Tuesday, November 09, 2004
A month in Bombay and I have not yet been to the beach, be it Chowpathy, or Juhu or anywhere else for that matter. Dastardly thought, when you happen to live in a coastal city, my Lonely Planet conscience says. Compare and contrast to the Marina in Chennai, which I visited within a week of arriving in the city. True, it was over-crowded, teeming with candy-men and baloon-men and men frying vegetables served to you on greasy newspaper plates, and you had to walk furlongs across the polluted sands to finally get to the water's edge - but it was a beach, nonetheless.
People have actually warned me not to head down to Bombay's beaches. The reasons are the usual ones - dirty, crowded, and what-not, but sad to say, I think that is one aspect of beach-life that Indians living in other parts of the country are quite accustomed to. Bengalis like me dash down to that old favourite in Orissa, called Puri, quite habitually, to catch a glimpse of the Sun Temple, and everyone knows how utterly polluted that place has become! The rocks on the sea-shore of Digha, another Bong favourite, has plenty of plastic bags strewn all over. And before you start stoning every Bong you see in the name of environmental policing, let me hasten to add that so-called Pristine Pondicherry is hardly any better, and the Marina in Chennai, supposed to be the second-longest strip of beach in the world after Rio, is famed for its filth. So where does that leave Bombay?
A grouse I have against the city is the fact there is hardly a beach at all, where you can frolic and banter on the sands till kingdom come - apart from the strip in Chowpatty and in Juhu. You have walk-ways instead - Marine Drive and Worli Seaface and Carter Road, all with receding sea-lines, I may add. So one evening, say you want to walk down the Carter Road promenade and smell the sea-smells - after walking ten paces with your eyes closed and your heart sighing in rapture, you open your eyes to discover that the sea is a good distance away from you, and the smell is coming from the fishing village down the bend.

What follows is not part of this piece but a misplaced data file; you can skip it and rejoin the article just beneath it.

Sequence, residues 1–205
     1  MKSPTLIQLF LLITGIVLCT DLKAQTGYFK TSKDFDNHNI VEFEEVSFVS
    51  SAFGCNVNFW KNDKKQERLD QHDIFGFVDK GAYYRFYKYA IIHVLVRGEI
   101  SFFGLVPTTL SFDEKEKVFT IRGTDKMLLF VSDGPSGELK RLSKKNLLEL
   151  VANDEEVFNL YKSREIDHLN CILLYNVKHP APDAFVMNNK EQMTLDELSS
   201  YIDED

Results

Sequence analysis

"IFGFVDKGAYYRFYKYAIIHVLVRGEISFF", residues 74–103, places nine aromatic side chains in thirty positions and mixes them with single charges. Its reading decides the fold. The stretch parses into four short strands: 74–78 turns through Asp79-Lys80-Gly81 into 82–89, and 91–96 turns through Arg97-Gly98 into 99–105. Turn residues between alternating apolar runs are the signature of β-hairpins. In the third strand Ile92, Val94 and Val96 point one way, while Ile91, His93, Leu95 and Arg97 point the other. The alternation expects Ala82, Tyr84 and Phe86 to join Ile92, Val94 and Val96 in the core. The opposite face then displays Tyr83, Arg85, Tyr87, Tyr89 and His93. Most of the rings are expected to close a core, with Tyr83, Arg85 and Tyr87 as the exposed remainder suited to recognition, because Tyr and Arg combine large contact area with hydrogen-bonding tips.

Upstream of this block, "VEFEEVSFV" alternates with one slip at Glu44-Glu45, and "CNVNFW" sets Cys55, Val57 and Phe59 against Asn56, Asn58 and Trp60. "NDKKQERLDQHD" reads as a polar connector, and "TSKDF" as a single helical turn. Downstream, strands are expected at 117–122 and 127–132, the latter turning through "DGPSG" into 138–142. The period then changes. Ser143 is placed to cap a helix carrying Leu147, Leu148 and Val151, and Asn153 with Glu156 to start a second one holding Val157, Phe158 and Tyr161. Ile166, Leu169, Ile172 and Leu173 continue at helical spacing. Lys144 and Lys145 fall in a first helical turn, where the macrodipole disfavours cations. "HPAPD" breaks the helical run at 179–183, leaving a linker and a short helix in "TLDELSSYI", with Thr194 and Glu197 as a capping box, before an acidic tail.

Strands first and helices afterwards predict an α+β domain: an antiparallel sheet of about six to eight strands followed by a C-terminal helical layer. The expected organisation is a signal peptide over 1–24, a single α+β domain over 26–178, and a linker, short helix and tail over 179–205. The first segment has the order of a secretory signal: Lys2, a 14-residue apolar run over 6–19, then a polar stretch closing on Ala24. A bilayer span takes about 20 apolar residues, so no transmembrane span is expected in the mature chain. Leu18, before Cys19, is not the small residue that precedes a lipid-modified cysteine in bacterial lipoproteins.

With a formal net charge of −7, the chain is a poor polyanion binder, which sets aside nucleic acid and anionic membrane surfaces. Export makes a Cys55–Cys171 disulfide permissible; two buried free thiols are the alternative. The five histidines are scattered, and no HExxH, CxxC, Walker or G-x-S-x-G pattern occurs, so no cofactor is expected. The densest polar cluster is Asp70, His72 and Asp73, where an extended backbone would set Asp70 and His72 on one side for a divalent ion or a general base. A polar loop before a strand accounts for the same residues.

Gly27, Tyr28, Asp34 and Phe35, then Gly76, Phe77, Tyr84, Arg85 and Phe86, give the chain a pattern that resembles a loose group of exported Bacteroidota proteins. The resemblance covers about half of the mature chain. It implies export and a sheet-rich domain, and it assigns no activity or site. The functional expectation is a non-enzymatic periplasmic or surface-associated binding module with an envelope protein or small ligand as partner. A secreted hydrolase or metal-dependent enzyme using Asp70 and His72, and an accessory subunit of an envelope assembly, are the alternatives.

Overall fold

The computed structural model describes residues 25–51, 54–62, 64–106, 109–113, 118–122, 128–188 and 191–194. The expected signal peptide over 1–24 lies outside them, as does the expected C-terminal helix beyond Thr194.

But I do remember Marve from my visit to Bombay a year earlier, when I was still not a bonafide resident of the city. I remember Marve's gorgeous stretch of sand and rock and sea and sun, and I'm hoping that a whole year has not changed Marve's character so completely. True, technicaly speaking, Marve does not perhaps qualify as a Bombay beach, but I'm counting on its proximity to nearby-and-yet-on-a-different-planet Madh Island to argue my case.
A Bombay sea-addict however will cock his head in the face of my arguments and say that the city has all the sea-flavour it needs, despite the receding shorelines of Worli and Carter Road, and he will exhort you to step gingerly onto the buoys of Nariman Point. I have done that, and methinks that Bombay sea-addict might well be true. Every Bombayite has gone up to the water's edge at least once in his or her life, to stand right there on a three-headed drone, and gaze out at the water, sometimes foaming and gurgling, sometimes a deceiving placid, and then, back to the towers that form Bombay's heart. The towers of silence, and the waters that speak.
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